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    entrepreneur who has reasonable level of technical knowledge willalways be successful. Technical knowledge is easy to acquire if theentrepreneur tries hard to acquire it.15. Patience: - Patience means ability to wait. Patience also meansdoing the work and waiting for the result. A certain amount of patience

    is necessary in any type of vocation. An entrepreneur should not waitfor actions but can certainly wait for result for his efforts.16. Hard working and energetic: - Ability and willingness to workhard is an important quality of an entrepreneur. A person havingphysical and mental stamina to cope with the hard work and humanrelation is fit to become a successful entrepreneur. By carrying outwell- planned and systematic work, success is always the end result.17. Good organizer: - Entrepreneurs are good organizers of resourceslike men, machines, materials and money needed to start and run thebusiness smoothly. They can convince the employees, investors,customers and co- ordinate the activities of individuals and groups in

    the accomplishment of business objectives. An entrepreneur works likea coordinating force among the resources, mould and manages themeffectively.

    ENTREPRENEURIAL FUNCTIONSAn entrepreneur is said to perform the following functions:1. Assumption of risk: - Risk bearing or uncertainty bearing is themost important function of an entrepreneur which he tries to reduce byhis initiative, skill and good judgment.2. Business decisions: - The entrepreneur has to decidea. To enter the industry this offers him the best prospectsb. To produce goods that he thinks will pay him the most

    c. To employ those methods of production which seem to him the mostprofitable.d. To effect suitable changes in the size of the business , its

    locationthat are needed for the development of his business.3. Managerial Functions: -The entrepreneur performs themanagerial functions such asa. Formulating production plansb. Overseeing financesc. Dealing with the purchases of raw materialsd. Providing production facilities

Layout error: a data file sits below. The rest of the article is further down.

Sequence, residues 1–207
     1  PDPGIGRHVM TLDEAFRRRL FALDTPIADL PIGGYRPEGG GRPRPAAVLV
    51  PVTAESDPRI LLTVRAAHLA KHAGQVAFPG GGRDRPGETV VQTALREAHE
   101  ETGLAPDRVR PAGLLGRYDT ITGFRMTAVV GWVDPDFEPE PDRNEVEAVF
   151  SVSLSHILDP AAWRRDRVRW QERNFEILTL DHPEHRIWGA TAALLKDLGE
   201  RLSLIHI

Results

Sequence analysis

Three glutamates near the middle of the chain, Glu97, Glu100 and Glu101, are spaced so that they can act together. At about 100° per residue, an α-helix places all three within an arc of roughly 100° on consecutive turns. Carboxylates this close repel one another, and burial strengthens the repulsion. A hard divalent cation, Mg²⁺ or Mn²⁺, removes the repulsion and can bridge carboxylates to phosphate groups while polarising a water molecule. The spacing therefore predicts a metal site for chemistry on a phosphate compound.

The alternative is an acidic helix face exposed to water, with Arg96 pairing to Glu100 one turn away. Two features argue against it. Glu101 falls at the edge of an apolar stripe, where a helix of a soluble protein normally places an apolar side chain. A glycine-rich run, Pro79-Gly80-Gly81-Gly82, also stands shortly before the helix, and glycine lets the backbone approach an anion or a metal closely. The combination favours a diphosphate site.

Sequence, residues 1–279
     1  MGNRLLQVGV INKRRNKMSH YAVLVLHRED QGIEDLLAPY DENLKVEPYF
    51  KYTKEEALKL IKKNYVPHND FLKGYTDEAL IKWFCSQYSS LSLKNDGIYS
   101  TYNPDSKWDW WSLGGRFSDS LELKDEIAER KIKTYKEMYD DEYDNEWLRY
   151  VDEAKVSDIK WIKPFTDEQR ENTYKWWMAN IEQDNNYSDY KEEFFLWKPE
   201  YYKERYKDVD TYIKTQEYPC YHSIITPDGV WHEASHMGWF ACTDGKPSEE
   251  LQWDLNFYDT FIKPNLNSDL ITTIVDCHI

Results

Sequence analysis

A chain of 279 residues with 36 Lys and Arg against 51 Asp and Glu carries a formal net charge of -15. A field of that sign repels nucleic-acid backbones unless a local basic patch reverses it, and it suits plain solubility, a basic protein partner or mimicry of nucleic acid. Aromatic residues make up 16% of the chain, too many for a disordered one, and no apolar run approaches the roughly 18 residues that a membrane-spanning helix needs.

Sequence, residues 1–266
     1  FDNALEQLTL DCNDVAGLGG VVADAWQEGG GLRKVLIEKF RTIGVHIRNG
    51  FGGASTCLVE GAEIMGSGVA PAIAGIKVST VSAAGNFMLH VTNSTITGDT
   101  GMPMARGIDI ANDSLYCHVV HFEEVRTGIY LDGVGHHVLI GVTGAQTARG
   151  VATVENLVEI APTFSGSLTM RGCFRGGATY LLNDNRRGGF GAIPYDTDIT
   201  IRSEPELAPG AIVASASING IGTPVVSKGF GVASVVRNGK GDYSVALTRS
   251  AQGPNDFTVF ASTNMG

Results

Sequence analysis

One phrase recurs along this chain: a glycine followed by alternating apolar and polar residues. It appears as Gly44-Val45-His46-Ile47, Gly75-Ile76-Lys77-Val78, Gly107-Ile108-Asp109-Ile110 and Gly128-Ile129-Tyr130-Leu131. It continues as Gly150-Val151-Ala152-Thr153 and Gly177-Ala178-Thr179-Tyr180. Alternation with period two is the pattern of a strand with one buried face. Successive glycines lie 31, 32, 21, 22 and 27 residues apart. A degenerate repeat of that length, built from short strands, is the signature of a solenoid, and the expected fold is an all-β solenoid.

e. Organizing salesIn large establishments these management functions are delegated toprofessional managers an entrepreneur performs many usefulfunctions such as

    Undertakes a venture

    Assumes risk and

    Earns profits

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    Identifies opportunities to start business either as a manufacturer ora distributor.The entrepreneurship exists in every field of economic endeavor.Entrepreneurship has also been developed in the trading sector. Amanufacturing entrepreneur demonstrates his entrepreneurial talents

    by bringing out new products while a trading entrepreneur performshis entrepreneurial functions in creating demand for the business hedeals.

    ENVIRONMENTAL SCANNINGAND SECTORAL STUDIESSwot Analysis

    Entrepreneurial Environment

    Environmental AnalysisScope for Entrepreneurship in small businesssector

    Entrepreneurship process of liberalization

    Changing Role of Entrepreneurship in the era ofliberalization, privatization and globalization

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    Entrepreneurship as a Catalyst for meeting globalchanges

    Creativity & Innovation

    Key sectors for the new age EntrepreneursSWOT ANALYSISThe business environment keeps changing. Government policies andregulations, economic conditions, social conditions, technologicalfactors,competitive situation etc. Undergo changes. The environmentalchanges mayopen up new opportunities or pose new threats.Constant monitoring of the environment is therefore, necessary toidentify theemerging opportunities and threats. In order to understand to what

    extent afirm will be able to exploit the opportunities and fight the threats, it isnecessary to evaluate the strengths and weaknesses of the firm. Thus,ananalysis of the strengths and weaknesses of the firm and theopportunitiesand threats in the environment that is the SWOT analysis is essentialforframing the business strategies.